Former NATO Commander On President Trump's Changing Messages About The Alliance NPR's Ari Shapiro talks to retired Adm. James Stavridis, who was also formerly supreme allied commander Europe of NATO, about President Trump's request for NATO to be more involved in the Middle East.
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Former NATO Commander On President Trump's Changing Messages About The Alliance

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Former NATO Commander On President Trump's Changing Messages About The Alliance

Former NATO Commander On President Trump's Changing Messages About The Alliance

Former NATO Commander On President Trump's Changing Messages About The Alliance

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  • <iframe src="https://www.npr.org/player/embed/795366617/795366620" width="100%" height="290" frameborder="0" scrolling="no" title="NPR embedded audio player">
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NPR's Ari Shapiro talks to retired Adm. James Stavridis, who was also formerly supreme allied commander Europe of NATO, about President Trump's request for NATO to be more involved in the Middle East.

ARI SHAPIRO, HOST:

This week, President Trump asked NATO to get more involved in the Middle East. He even suggested a new name for the military alliance.

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PRESIDENT DONALD TRUMP: NATO - right? - and then you have ME, Middle East. You'll call it NATOME. I said, what a beautiful name, NATOME. I'm good at names, right?

SHAPIRO: That enthusiasm surprised people who remember Trump saying this about the military alliance in 2016.

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TRUMP: NATO is obsolete. It's old. It's fat. It's sloppy.

SHAPIRO: Admiral James Stavridis spent four years as Supreme Allied Commander of NATO, and he joins us now.

Welcome.

JAMES STAVRIDIS: Good to be on with you, Ari.

SHAPIRO: What was your first reaction to the president's enthusiasm for NATO this week?

STAVRIDIS: Well, as a former Supreme Allied Commander, I felt pretty good. It sounds to me like he's finally figured it out that NATO is a global force for good, and he would be smart to take advantage of it. Personally, I don't think NATOME is exactly on the horizon for the alliance, but I'm just glad he's woken up and smelled the jet fuel.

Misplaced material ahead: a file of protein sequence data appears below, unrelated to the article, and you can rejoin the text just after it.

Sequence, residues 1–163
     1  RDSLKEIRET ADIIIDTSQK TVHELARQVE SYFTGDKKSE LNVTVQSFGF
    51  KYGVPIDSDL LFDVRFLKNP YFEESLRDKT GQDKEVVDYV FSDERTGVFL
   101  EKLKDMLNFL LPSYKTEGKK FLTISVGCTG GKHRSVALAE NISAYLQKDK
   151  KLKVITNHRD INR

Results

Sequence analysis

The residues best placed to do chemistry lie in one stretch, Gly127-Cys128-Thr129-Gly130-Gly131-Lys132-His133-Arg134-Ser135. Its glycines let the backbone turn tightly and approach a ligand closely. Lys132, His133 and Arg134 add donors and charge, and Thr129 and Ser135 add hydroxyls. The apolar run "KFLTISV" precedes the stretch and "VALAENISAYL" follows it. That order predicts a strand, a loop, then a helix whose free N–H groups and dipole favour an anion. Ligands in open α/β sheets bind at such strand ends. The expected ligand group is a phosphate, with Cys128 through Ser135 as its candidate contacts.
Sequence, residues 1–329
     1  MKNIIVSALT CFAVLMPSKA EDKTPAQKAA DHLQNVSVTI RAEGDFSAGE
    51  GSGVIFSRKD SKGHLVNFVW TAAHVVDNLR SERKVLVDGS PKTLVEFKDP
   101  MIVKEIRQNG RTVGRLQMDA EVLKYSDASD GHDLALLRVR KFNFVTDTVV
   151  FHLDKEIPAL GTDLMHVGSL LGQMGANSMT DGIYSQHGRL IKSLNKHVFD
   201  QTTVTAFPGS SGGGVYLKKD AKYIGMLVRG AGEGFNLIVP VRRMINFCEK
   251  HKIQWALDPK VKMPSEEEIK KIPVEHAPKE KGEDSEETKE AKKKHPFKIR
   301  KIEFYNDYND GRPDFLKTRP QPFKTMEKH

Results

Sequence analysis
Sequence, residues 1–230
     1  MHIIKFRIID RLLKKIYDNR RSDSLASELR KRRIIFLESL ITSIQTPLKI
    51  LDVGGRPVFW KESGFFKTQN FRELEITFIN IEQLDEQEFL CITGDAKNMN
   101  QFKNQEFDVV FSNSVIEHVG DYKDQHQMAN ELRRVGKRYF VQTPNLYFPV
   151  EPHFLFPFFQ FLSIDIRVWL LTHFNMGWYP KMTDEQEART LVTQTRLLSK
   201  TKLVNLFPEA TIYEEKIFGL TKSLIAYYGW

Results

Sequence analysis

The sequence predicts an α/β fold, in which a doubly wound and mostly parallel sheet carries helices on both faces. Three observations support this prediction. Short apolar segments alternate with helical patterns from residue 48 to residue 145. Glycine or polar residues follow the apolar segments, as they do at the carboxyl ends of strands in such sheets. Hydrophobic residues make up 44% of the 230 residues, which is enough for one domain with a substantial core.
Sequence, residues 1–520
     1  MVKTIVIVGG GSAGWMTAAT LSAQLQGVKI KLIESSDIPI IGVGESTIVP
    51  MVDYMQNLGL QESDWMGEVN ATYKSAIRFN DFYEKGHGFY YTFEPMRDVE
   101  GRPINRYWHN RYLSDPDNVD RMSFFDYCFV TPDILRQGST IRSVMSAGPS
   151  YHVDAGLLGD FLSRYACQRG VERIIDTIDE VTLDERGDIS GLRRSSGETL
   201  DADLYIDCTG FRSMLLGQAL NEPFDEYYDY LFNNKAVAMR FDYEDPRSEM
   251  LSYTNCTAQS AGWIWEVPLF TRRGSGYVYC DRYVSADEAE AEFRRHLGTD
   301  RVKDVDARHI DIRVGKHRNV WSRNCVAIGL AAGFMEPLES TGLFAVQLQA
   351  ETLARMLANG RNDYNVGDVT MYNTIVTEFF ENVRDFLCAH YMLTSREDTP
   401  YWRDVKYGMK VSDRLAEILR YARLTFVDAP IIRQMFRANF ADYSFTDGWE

SHAPIRO: Sounds like you're taking this with a grain of salt and a sense of humor.

STAVRIDIS: I think it's important that we do that all the time with this administration. But in all seriousness, there is a great deal NATO could do in the Middle East, and I hope the president pursues some of those options.

SHAPIRO: Like what?

STAVRIDIS: No. 1, we could deploy a NATO standing maritime force. We have such an entity for the Mediterranean in the Atlantic. It's six ships provided by all the different nations, and it could go to the Arabian Gulf and make sure those sea lanes of communication stay open. We could send NATO surveillance craft. We have AWACS, Global Hawks. And third and finally, we could send special forces and/or participate in cybersecurity - a lot to be done.

SHAPIRO: Why would this be better than a mission led by the United States or a coalition that's specifically assembled for these purposes?

STAVRIDIS: Well, when I was Supreme Allied Commander at NATO, I led the mission in Afghanistan, which had not only 28 NATO nations at the time, but another 22 nations. Whenever you get global buy-in for a mission, even if it begins with NATO, we could add some other nations. I think it gets this conflict out of the U.S. versus Iran channel and gets it more into a global sense of containing Iran's activities in the Middle East.

SHAPIRO: Given President Trump's attacks on NATO in the past, do you think there is an appetite among the other allies to do something like this?

STAVRIDIS: I think the appetite is relatively low, but this would not be mission impossible. Good news - we have an excellent U.S. ambassador to NATO, former Senator Kay Bailey Hutchison, very competent, well-regarded. She may be able to overcome some of the angst that's been generated by the president's previous comments and pull this thing toward the finish line.

SHAPIRO: As you talked this week with people who are still involved in NATO, do they think that this is likely to actually happen or that it's just a passing idea the president had?

STAVRIDIS: I think most would tell you there will be some level of NATO additional engagement in the Middle East because most of the nations think it's a good idea. Look for something maritime as opposed to boots on the ground. Look for cybersecurity as opposed to airplanes flying overhead. But there will certainly be, in my view, some level of additional NATO engagement in the region.

SHAPIRO: Given that Iraq is asking American troops to pull out of that country, do you think having NATO take over some of the responsibility could be a solution to that problem?

STAVRIDIS: I do, and NATO has had a training mission in Iraq for a very long time. This is where NATO has already been engaged. And I think that expanding that, if the US is forced to downsize its particular footprint, would be a very elegant way to continue engaging with the Iraqis and, I think, would be more palatable to the Iraqi parliament.

SHAPIRO: Admiral James Stavridis is former Supreme Allied Commander of NATO, and he's now with the Carlyle Group.

Thanks for talking with us.

STAVRIDIS: Thanks, Ari. Good to be with you.

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